Since defendant breached the plea agreement, the government was not obligated to recommend the 24-month sentence
The defendant asserts that under the terms of the plea agreement, the government was obligated to recommend a 24-month sentence. However, the government did not breach the plea agreement; rather Delacruz did so by not appearing for sentencing and continuing his criminal activity. While defendant was a fugitive in Mexico, he still conspired to distribute marijuana in Illinois. As in United States v. Ashurst, 96 F.3d 1055 (7th Cir. 1996), it was unreasonable for this defendant to believe that the government would be obligated to recommend an acceptance of responsibility reduction when he again committed the same crime. As in United States v. Rivera, 954 F.2d 122, 123 (2d Cir. 1992), certiorari denied, 503 U.S. 996, 112 S. Ct. 1701, 118 L. Ed. 2d 410, the government was not still obligated to recommend the lower range of the sentencing guidelines since defendant failed to appear for sentencing and continued to commit drug offenses. Delacruz could not reasonably expect the government to recommend the lower range of the sentencing guidelines when he fled to Mexico and was committing the same crime there.
Since defendant failed to appear for sentencing and continued his criminal conduct, the government was no longer obligated to recommend a sentence of 24 months at his sentencing hearing.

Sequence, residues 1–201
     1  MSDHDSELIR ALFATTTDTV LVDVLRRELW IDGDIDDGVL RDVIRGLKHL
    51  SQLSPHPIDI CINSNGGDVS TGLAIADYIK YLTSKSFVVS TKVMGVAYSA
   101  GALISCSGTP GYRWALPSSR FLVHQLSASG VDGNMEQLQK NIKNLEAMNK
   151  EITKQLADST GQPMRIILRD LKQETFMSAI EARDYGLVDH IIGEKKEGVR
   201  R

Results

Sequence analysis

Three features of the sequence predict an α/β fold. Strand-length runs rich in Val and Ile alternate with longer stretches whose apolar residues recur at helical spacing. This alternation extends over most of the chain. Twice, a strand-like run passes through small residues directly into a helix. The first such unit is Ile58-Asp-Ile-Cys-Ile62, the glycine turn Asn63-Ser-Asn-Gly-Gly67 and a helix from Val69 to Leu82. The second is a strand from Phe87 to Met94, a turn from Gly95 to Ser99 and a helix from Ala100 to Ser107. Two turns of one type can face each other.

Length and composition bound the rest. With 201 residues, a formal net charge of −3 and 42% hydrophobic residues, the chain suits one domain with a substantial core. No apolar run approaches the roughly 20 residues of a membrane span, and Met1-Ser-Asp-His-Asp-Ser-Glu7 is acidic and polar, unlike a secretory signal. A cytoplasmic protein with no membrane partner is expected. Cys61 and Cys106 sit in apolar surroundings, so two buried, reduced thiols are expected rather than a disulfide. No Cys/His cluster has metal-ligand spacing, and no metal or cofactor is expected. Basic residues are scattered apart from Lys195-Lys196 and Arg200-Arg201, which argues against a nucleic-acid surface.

Three-level enhancement was properly based on defendant's managerial role in a conspiracy of five or more persons
Defendant claims he had no contract with his co-conspirators and did not exert any managerial role, so that the district court improperly enhanced his sentence. As the presentence report showed, defendant had four co-conspirators in delivering marijuana to Kankakee, Illinois: Eduardo Leal, Felix Solis, Ignasio Ramirez, and Raul Tijerina. Solis became manager of the group, but when he became a fugitive Robert Kilcourse traveled to Kankakee to obtain payment for the marijuana that had been delivered to the undercover agents. Delacruz told the police agents that he had taken over for Solis and that he would send Kilcourse to pick up the money for the marijuana that had been delivered to the undercover agents. Therefore the conspiracy involved five or more persons, with at least Kilcourse being managed by defendant. Since defendant did not challenge these allegations contained in the presentence report, the district court did not commit error in applying a three-level enhancement.
Judgment and sentence affirmed.